Vicious with thin, needle-like thorns, the green-brier makes a network of entangling vines which are bright green all winter long. Clusters of dark green fruits and a few shriveled leaves still hang on the vines, and the cardinals which live in the woods all winter gather here. In time of snow, the bright colors of the male cardinals and the more muted tones of the females against the snow and the green tangle of vines is a pleasant sight in a land not noteworthy for color in winter. Greenbrier tangles, and cardinals . . . this is one of the pictures of the Illinois winter.
Smilax hispida Muhl.
June. River bottom woods.
Greenbrier is common in the lowlands where it twines into trees and bushes and makes a jungle of prickly vines which live unchanged, except for additional growth, for many years. In the tangles in spring the cardinals build a nest; they eat the green fruits in autumn, find shelter among the vines in winter. In spite of the unpleasantly prickly nature of the brier, it has its place in the efficient plan of the wild.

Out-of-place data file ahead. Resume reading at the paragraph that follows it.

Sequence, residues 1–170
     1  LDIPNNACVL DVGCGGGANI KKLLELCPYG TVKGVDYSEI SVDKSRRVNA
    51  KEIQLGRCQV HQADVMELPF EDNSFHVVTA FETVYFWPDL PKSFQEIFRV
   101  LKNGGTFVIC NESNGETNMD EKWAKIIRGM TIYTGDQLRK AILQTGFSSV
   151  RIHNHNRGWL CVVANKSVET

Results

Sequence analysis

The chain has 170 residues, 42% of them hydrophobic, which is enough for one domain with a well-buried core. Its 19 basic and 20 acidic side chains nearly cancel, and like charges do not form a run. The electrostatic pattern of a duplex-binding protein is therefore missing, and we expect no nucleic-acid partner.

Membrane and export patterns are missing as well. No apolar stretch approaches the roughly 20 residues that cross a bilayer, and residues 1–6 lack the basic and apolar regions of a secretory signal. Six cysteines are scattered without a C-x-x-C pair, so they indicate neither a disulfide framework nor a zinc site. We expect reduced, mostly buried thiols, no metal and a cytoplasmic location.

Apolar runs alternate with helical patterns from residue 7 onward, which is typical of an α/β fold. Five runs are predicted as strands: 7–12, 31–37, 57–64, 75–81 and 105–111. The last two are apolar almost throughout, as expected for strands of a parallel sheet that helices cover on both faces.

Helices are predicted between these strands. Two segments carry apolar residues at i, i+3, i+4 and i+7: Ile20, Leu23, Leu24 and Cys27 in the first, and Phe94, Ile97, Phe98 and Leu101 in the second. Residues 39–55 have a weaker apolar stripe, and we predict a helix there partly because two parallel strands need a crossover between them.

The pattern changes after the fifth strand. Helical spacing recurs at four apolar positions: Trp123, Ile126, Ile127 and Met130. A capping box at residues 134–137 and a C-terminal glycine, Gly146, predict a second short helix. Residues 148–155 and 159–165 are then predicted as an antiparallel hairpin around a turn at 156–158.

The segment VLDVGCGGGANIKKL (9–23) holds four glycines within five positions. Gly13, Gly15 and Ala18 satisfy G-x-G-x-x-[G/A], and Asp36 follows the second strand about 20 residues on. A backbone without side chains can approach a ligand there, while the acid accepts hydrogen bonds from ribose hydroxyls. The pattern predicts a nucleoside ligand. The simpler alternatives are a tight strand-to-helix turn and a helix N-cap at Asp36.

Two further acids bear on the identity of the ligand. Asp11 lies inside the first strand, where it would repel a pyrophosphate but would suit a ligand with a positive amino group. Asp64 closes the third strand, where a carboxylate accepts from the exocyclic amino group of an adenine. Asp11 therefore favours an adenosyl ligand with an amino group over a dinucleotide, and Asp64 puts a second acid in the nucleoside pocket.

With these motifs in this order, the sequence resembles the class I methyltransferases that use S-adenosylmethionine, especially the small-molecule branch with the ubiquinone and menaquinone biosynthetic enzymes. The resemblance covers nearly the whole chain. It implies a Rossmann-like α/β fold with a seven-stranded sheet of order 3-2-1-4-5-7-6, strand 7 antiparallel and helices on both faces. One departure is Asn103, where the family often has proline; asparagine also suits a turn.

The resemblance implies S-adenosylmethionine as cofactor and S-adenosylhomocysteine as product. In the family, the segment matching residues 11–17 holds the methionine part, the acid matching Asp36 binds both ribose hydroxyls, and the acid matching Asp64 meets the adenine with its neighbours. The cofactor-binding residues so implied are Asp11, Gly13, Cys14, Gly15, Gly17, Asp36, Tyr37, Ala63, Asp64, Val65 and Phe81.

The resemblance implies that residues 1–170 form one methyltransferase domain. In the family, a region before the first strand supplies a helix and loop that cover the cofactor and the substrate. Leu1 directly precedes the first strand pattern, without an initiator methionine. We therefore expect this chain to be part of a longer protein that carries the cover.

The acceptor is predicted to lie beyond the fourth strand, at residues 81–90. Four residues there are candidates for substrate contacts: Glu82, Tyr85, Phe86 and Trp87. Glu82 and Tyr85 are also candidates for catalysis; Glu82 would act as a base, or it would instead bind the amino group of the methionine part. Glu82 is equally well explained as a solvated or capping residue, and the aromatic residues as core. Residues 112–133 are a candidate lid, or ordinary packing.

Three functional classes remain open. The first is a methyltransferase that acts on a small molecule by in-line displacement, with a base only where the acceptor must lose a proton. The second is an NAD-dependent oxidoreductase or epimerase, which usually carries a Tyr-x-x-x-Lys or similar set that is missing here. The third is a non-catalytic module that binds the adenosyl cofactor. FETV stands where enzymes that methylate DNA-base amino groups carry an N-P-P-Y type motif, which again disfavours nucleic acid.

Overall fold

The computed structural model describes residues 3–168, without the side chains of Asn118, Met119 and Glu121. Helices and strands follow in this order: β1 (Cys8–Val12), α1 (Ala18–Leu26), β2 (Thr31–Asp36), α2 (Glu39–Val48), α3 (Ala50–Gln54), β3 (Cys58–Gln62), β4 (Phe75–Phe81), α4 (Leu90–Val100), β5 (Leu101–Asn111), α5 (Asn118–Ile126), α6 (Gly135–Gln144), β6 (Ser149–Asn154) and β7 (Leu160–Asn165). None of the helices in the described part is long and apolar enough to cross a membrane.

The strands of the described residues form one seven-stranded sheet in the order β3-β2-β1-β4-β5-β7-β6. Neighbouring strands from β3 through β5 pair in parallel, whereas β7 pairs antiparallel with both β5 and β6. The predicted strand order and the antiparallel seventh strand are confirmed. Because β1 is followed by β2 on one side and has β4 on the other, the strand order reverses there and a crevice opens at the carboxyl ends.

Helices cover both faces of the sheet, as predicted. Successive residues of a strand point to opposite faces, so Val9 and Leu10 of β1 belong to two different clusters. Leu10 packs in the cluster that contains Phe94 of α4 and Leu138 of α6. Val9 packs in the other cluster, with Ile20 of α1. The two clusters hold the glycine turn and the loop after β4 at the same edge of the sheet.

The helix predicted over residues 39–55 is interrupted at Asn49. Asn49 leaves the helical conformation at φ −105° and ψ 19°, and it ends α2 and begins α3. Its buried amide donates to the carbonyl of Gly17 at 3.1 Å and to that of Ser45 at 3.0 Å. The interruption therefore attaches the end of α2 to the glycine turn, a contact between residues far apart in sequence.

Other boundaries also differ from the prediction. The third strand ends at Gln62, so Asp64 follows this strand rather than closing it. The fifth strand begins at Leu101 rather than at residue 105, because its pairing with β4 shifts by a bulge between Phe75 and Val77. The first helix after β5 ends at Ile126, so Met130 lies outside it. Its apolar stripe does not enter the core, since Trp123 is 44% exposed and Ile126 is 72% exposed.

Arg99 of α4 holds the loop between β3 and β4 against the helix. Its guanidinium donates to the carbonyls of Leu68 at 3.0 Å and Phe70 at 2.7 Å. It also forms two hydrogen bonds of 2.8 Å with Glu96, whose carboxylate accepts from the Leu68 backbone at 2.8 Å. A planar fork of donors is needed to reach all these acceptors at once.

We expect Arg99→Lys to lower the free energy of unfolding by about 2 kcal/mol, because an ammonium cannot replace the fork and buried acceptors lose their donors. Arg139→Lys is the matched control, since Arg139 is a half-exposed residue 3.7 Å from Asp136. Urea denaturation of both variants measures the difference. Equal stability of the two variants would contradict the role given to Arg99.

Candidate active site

It is a true smilax. Its green stems are set alternately with ribbed oval leaves, bright green and durable. The flowers which come in late May or early June are in clusters - tiny, six-petaled, green-white blossoms. In spite of their meager appearance, they are a member of the Lily family. The stems are densely thorny from the ground to the top of the stem, though less so on the younger growth. This prevents the greenbrier from being popular as greenery indoors, as its less cantankerous cousin, the southern smilax, is used. Instead, the greenbrier remains in its humid bottomlands and feeds and shelters cardinals all year around.